Oct 26, 2016 07:39 PM

Several Local Pensions Funds to Be Ready to Invest in Equity Market Before End of Year

(Beijing) — Several Chinese provincial-level governments will be ready to invest part of their multitrillion-yuan pension funds in stocks and equity funds before the end of the year, a senior government official said Tuesday.

The move aims to boost returns of the funds, which are stretched by an aging population.

The first batch of provincial governments are expected to sign contracts with the National Council for Social Security Fund (NCSSF), the manager of local pension funds under the State Council, before the end of the year. The contracts will allow the provinces and regions to tap into the equity market, said Li Zhong, spokesman for the Ministry of Human Resources and Social Security. The NCSSF will select professional investment firms to make actual investments, he said.

Some provinces have worked out detailed plans, including the amounts they plan to invest, said Li, without naming them. But the institutions that will be entrusted to carry out the investments haven't been selected, Li added.

In 2015, China's total pensions amounted to 4 trillion yuan ($590 billion), government data showed. A maximum 30 percent of this, or 1.2 trillion yuan, can be invested in stocks and equity funds on the mainland, according to the new arrangement. The rest can be invested in asset-backed securities, bonds, index futures and bond futures in China, as well as major infrastructure projects.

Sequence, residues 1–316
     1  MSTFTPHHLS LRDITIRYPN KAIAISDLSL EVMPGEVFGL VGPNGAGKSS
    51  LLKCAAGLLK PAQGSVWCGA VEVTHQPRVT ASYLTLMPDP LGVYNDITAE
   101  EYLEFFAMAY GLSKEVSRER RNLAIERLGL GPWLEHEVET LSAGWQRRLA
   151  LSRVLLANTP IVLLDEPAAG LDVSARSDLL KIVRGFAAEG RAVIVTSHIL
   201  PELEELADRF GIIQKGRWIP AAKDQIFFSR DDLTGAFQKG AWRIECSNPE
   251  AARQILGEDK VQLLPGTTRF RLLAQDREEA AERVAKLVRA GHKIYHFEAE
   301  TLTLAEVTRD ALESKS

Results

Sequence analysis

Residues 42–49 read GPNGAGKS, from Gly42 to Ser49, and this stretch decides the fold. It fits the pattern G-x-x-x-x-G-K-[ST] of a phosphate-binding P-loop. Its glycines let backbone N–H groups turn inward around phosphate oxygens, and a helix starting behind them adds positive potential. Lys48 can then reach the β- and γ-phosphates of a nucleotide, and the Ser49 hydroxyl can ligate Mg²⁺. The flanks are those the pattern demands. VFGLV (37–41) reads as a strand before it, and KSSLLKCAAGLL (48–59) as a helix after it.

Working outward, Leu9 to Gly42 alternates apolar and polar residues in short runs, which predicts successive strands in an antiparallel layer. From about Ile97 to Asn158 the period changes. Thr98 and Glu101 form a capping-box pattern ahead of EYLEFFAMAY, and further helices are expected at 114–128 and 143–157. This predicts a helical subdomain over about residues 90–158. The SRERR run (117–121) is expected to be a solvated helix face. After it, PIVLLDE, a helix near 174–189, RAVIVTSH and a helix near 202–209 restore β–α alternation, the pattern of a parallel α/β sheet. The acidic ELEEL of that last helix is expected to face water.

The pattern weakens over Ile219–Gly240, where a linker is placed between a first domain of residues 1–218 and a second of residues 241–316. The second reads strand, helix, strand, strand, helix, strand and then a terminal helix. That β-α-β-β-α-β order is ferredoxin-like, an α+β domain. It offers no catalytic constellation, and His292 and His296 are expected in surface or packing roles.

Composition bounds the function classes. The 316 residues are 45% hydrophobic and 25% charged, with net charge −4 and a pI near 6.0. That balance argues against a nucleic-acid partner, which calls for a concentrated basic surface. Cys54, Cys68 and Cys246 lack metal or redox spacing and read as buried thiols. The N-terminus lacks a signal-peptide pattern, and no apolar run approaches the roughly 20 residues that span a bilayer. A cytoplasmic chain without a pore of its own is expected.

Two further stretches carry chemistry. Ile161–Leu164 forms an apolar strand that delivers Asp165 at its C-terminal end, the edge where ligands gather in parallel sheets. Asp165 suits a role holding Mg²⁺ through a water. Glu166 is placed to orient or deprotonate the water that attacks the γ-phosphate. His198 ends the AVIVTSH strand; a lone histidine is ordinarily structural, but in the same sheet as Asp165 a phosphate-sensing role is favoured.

The first batch of provinces that tap into the equity market may invest about 400 billion yuan altogether, said Zhang Jing, a researcher at Huatai Securities. This amounts to just over 1% of the total value of the Shanghai and Shenzhen Stock exchanges combined.

Allowing pension funds to invest in stocks — for the first time — would channel hundreds of billions of yuan into the country's A-shares market, which is still recovering after a crash that erased trillions of yuan in value last year.

Pension funds are likely to focus on long-term returns when investing in stocks, unlike speculators, which will help stabilize the market, Zhang said.

But, it is not clear when retirement funds will start investing in stocks because it is up to the third-party investment firms to decide on the timing, the ministry said in a statement on its website.

Earlier, pension funds were limited to safer investment options with low returns such as bank deposits and government bonds. But a rapidly aging population and rising inflation has drained many of them. In 2015, retirement funds in six provinces — Heilongjiang, Liaoning, Jilin, Qinghai, Shaanxi, Hebei — were forced to pay out more money than they collected as the provinces saw an exodus of their young working-age populations as traditional heavy industries lost steam, data from the ministry showed. Allowing these ailing funds to diversify their investment portfolio could help boost yields, some analysts said.

Contact reporter Coco Feng (; editor Poornima Weerasekara (

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